Let’s get a few things straight. First, New Yorkers are not inherently interesting and certainly are not inherently more interesting than other people. Second, obnoxious people who talk about nothing are not inherently enthralling. Such characters are often nothing more than overgrown children (and the opening shot of Frances Ha embodies that), and depicting them is fine, but just because they exist doesn’t mean they deserve to be depicted. Something needs to be said about such characters or their lifestyle, or observation needs to yield insight. There has been a tendency in the arts (and especially the movies) to ignore those facts and make a big deal about how everyday their arty New York hipster protagonist is and to make a big deal about the possibility of quirky romance.
These things have all bothered me about previous Noah Baumbach films, notably The Squid & The Whale and Highball, the former of which is passable but does nothing for me and the latter of which never should have been made, as the filmmaking itself reflects (in Baumbach’s defense, he made the film as an experiment, hated it, and never wanted it to get out; unfortunately, I found it anyway). To a certain extent, Frances Ha does this too. The first half of the movie is particularly grating, with over-written jokes and a character whose quirkiness is over-emphasized to the point of exhaustion. There’s a fine line between writing an interesting hipster and just writing to make your character more hipster, and the film doesn’t exhibit that kind of awareness. A scene where Frances (Greta Gerwig) can’t buy dinner by debit and runs out to an ATM is so ridiculous that it breaks the film’s spell (despite its problems, Frances Ha certainly captivates) without being funny in the process. The same goes for a shot that shows Frances running across New York to David Bowie’s “Modern Love,” a scene that will inevitably draw comparisons to Leos Carax’s far more captivating and far bolder shot in Mauvais Sang of the exact same thing. Not all the jokes are bad; a dinner conversation in a place where Frances is staying has spit-fire dialogue and great one-liners. As a rule of thumb, the more people there are in the conversation, the funnier it is.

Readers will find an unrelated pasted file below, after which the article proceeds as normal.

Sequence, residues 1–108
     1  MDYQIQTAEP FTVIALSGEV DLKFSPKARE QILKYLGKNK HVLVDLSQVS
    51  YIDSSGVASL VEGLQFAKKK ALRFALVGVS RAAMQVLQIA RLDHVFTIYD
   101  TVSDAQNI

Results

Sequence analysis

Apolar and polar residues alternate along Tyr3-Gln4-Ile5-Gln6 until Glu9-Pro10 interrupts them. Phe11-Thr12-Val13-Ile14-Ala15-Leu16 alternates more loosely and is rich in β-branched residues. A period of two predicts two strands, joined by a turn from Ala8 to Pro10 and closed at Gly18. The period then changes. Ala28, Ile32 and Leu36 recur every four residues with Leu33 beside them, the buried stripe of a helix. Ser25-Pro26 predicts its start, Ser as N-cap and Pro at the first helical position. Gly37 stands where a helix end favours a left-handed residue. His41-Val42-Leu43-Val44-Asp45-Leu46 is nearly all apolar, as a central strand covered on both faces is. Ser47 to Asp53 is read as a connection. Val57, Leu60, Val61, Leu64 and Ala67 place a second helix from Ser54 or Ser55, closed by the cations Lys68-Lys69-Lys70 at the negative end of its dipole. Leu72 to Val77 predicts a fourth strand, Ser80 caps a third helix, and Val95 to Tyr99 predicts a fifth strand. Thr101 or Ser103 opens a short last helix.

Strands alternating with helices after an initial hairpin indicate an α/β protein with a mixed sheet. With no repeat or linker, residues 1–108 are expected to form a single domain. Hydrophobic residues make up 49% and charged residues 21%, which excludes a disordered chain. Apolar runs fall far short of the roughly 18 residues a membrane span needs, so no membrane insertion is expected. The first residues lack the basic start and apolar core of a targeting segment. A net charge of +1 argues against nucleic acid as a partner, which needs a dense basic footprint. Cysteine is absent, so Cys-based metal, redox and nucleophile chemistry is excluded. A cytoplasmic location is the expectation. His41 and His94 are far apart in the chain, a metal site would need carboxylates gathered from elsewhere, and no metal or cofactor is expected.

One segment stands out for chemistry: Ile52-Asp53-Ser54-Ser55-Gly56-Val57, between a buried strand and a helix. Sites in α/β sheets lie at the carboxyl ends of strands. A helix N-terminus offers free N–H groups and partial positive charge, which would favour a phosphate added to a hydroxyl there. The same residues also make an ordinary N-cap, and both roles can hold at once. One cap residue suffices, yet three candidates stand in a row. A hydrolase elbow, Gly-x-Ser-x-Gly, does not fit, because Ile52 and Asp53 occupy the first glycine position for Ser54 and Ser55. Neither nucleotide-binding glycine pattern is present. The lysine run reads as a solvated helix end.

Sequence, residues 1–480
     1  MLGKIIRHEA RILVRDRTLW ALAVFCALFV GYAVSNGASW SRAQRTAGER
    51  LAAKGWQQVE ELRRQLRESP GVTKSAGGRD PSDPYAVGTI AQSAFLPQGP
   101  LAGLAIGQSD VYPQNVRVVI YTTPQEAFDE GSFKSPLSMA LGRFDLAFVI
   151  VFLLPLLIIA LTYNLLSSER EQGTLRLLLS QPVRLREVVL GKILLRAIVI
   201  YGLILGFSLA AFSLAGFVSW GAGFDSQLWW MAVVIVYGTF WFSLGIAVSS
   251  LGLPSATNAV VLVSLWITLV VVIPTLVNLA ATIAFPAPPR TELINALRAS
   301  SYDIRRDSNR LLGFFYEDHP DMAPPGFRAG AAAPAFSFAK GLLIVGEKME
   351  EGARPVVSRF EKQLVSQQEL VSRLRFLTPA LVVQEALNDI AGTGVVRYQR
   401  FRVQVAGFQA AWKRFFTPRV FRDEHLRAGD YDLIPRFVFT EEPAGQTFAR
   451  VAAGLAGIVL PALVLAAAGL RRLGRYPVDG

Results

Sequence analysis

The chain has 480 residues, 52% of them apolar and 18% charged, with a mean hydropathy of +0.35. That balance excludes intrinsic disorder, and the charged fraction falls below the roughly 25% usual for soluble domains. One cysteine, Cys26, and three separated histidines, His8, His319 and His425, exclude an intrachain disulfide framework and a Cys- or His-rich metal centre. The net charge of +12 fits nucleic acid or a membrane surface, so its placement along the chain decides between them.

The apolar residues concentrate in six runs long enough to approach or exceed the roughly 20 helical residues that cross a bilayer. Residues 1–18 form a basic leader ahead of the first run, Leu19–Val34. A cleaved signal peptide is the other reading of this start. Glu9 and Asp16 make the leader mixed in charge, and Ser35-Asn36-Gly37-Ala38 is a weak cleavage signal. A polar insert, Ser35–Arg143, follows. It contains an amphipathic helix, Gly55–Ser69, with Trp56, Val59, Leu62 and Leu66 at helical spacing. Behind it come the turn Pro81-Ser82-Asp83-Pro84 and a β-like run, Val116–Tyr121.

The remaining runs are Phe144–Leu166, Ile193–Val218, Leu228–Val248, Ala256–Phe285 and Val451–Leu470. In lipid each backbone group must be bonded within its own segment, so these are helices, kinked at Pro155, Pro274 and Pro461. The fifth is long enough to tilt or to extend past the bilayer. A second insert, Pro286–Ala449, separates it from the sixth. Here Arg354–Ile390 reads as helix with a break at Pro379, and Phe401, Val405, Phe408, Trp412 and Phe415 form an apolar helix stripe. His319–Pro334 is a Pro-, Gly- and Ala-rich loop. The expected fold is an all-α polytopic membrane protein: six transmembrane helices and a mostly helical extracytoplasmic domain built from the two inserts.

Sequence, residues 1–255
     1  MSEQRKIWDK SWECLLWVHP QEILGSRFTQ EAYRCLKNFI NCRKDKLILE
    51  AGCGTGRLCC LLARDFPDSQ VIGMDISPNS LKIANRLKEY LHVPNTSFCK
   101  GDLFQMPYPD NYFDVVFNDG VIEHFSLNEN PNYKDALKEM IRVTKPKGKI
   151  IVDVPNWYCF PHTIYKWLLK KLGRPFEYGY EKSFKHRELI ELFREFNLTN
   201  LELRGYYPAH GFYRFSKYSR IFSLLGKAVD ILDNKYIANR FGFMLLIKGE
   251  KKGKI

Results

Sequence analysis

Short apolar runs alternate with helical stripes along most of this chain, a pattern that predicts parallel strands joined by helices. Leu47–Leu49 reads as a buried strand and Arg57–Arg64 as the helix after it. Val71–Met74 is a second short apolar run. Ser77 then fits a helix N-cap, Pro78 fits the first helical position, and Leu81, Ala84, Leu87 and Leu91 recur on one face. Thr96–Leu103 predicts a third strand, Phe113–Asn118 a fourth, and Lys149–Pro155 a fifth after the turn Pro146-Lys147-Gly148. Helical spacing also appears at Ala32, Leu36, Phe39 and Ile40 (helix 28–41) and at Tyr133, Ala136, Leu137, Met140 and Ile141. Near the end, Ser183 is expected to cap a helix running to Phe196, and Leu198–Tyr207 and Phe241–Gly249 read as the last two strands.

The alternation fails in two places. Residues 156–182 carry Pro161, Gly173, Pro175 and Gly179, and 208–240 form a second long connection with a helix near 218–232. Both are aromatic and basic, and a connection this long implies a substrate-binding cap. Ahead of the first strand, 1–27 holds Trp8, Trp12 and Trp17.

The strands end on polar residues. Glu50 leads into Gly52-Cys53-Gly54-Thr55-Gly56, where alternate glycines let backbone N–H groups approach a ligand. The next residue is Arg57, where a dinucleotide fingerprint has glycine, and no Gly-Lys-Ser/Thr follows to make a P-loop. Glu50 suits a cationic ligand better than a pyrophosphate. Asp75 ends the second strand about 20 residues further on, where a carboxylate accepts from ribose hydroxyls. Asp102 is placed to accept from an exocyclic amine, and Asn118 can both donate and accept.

But then something strange happens. Frances Ha starts to do what many see in The Comedy, and it deconstructs the low-rent, struggling artist, overgrown hipster archetype. I have never thought that Baumbach’s visuals have had anything to add to his scripts, but with Frances Ha, that changes. Suddenly, the heavily treated black-and-white cinematography makes sense. Black-and-white naturally reminds us of older films and of the past, so by filming Frances Ha as such, one might think that Baumbach is trying to recapture the past. In fact, it’s an extension of Frances’ world; she acts like a child and in many ways demands to be treated like a child, but her actions are so forced and ridiculous, that the obvious, heavy treatment becomes an extension of Frances’ attempts to recapture a youth that she knows she no longer has (at age 27) but never learned how to get rid of.
Frances realizes this a bit later than the film does, and its swing from an over-the-top comedy to a more earnest portrait of a very archetypal and romanticized character is a bit too extreme. If the first half was a bit more down to earth, or if the latter half would come out stronger about major concerns it would give the film a more focused (and insightful) quality. After reminding us a few too many times that Frances is a dancer, the film asks what happens when you’re 27 years old and you just aren’t cut out to do that thing you always want to do? Frances begins to work at her old college as an RA hoping to take more dance classes (she can’t), and her numerous awkward conversations encourage us not only to question her, but to pity her. Her love life that remains at the film’s forefront opens up in a much less tired way, and she notices that her friendships, which pass her by as her friends move to other neighborhoods and even other countries, are not rooted in the same college groups that she so desperately wants them to be. Another great dinner conversation shows her unable to connect and constantly trying to talk about the past while everyone else talks about career changes, relocation, and marriage. Frances just hasn’t grown up yet.
When she realizes this, the film becomes unexpectedly (for this viewer, anyway) moving, and to hear Frances say that “pregnant” isn’t necessarily a disaster anymore feels like a symbolic awakening for all of the 20-something hipsters that have taken over 21st century independent cinema. While The Comedy exposes the trappings and unsustainability of such a lifestyle, Frances Ha confronts it directly and asks for a way out. The resolution is simple and forced, but it’s hard to argue with. In an age of self-deprecating irony, jokes about being “un-datable” (made explicit here), and continuing adolescence as one approaches 30s, Frances Ha sheds a light.